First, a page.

Title: Rudolph the Red-Nosed Reindeer
Release: December 1964
Starring: Burl Ives, Larry D. Mann, Billie Mae Richards
*Warning, this review may contain spoilers
You know that weird stop-motion Christmas movie you used to watch as a kid? The one with the abominable snowman puppet? C’mon, think… Think real hard. You know what I’m talking about. That movie is called Rudolph the Red-Nosed Reindeer, which is a fact that I often forget. My memories revolve more around the abominable snowman and the lead boy Hermey instead of the actual reindeer Rudolph. While based off of a 1939 Christmas song, this hit TV special is probably more renowned for its use of stop-motion animation when the concept was fairly new. Rudolph the Red-Nosed Reindeer was released during a time when TV specials were the best entertainment a kid could get. 55+ years later, it is still considered a genuine Christmas classic and is must-see TV every December.
As you read through my article here, you’ll notice that I am a tad bit harsh on Rudolph the Red-Nosed Reindeer’s outdated look. You must first know that I only call it like I see it. It LOOKS old, but that doesn’t make it any less beautiful. This is a piece of cinematic history, a masterpiece of its time. The stop-motion animation may be the biggest draw of the movie, but it’s the characters that leave you coming back for more. An entire island of sad toys, a confused outcast reindeer, Sam the unforgettable snowman narrator, the terrifying abominable snow monster, and so much more. You’ll come into the movie fresh and leave in a state of shock and awe. It will ALWAYS have that impact on you.
While stop-motion animation is a filming technique that has been usurped by advances in computer animation technology, it did have a long and abundant life. The Wallace and Gromit shorts may be the most successful, but there are many others as well. Perhaps another Christmas movie on this list? Stop-motion animation is a painstaking process that requires long tedious days of micro-movements of your puppets, then piecing together every shot one frame at a time. It is a grueling task that should be admired as much for its artistic talents as its final result.
As a child I created minutes-long videos of Legos and other action figures using the family 8mm camera, and I can personally attest to the necessary attention to detail. I also did a couple short videos for my college courses when I was studying film, but unfortunately all of my videos got lost due to me being a total bum when it comes to organization. I have a great deal of appreciation for production company Videocraft International, Ltd. They could have taken the easy road and used cel animation, but instead they chose to bring families something special. Something unique.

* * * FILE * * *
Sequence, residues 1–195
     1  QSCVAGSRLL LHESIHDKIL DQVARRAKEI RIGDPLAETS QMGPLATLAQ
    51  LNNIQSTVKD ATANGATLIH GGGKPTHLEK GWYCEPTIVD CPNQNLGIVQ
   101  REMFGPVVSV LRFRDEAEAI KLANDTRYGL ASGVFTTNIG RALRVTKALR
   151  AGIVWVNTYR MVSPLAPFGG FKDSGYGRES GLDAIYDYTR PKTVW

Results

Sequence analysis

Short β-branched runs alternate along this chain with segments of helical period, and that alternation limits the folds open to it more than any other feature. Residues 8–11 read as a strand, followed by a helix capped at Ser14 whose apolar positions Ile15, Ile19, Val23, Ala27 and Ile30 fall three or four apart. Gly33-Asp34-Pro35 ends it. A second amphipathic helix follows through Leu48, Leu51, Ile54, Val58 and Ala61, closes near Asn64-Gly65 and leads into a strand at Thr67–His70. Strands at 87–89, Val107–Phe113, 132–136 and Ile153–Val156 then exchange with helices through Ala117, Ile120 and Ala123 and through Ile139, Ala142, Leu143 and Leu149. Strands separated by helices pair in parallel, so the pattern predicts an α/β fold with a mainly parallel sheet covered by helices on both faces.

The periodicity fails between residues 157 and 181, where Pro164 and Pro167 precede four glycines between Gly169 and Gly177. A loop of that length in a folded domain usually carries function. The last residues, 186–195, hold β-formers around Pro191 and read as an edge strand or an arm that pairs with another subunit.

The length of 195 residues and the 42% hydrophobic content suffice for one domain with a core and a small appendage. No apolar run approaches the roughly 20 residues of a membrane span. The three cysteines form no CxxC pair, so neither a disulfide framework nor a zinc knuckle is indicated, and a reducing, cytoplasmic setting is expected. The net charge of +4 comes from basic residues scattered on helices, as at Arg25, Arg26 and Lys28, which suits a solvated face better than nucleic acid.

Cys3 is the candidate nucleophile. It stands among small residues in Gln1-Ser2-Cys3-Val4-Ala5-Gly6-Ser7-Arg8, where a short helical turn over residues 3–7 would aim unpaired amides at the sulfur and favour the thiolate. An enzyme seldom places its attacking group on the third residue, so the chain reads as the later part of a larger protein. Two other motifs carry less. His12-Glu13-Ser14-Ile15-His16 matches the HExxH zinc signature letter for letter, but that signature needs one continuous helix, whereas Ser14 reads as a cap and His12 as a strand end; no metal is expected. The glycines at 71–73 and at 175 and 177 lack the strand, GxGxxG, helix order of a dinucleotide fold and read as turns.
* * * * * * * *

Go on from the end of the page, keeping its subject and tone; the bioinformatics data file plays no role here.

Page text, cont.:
While Rudolph the Red-Nosed Reindeer is definitely special and unique, it’s hard to argue with how dated it looks. Computer technology continues to shine a light on movies of old, making it easier to see the flaws in their special effects. I can’t sit here and say that Rudolph the Red-Nosed Reindeer is flawed, but I am comfortable in saying it is imperfect. Attention to continuity and character movements are paramount in stop-motion animation. Although the puppet crew was pretty thorough, they were not without the occasional issue. We need to be forgiving because back in 1964, they had to process the film before they could see their mistakes. We often forget the struggles filmmakers faced back then. Regardless, Rudolph the Red-Nosed Reindeer‘s age is showing. I’m okay with that and you should be too! It is Christmas, after all!
Overall, Rudolph the Red-Nosed Reindeer is a wildly fun ride that is clearly dated but still a wonderful journey. The puppet movements lack fluidity and are occasionally out of sync with their voice dubs, but I’m no Grinch! It doesn’t bother me in the least, despite its glaring age. I am always thrilled to sit down and watch this 47 minute long Christmas movie! Its dated look is quaint, reminding me of a better time. A more innocent time. I would have loved to have sat on the floor amongst my siblings and cousins experiencing this on its debut. The good news is: this is an easy find for yourself or your children. Available on DVD, Blu-ray, and live-TV this holiday, Rudolph the Red-Nosed Reindeer is the perfect walk down memory lane, or a chance to start a new memory for some lucky kids.
Thanks for reaching the end of the article! This piece is apart of our Modern Neon Christmas Bonanza, where we are looking at 25 of our favorite or well-known Christmas movies. So click through to see the previous and next movie, or go back to the home page to find your favorite movie!
David “Nerdberry” is the proud founder and owner of Nerdbacon.com, a video game reviews and news website. Nerdberry owns a local pressure washing business in North Carolina, has a family, and a little house. With a college background in film and a personal love for dissecting movies, he feels aptly suited for Modern-Neon. The jury is still out on whether or not Modern-Neon wants him. We’ll see. But he is excited to be part of the team here in an effort to help it grow!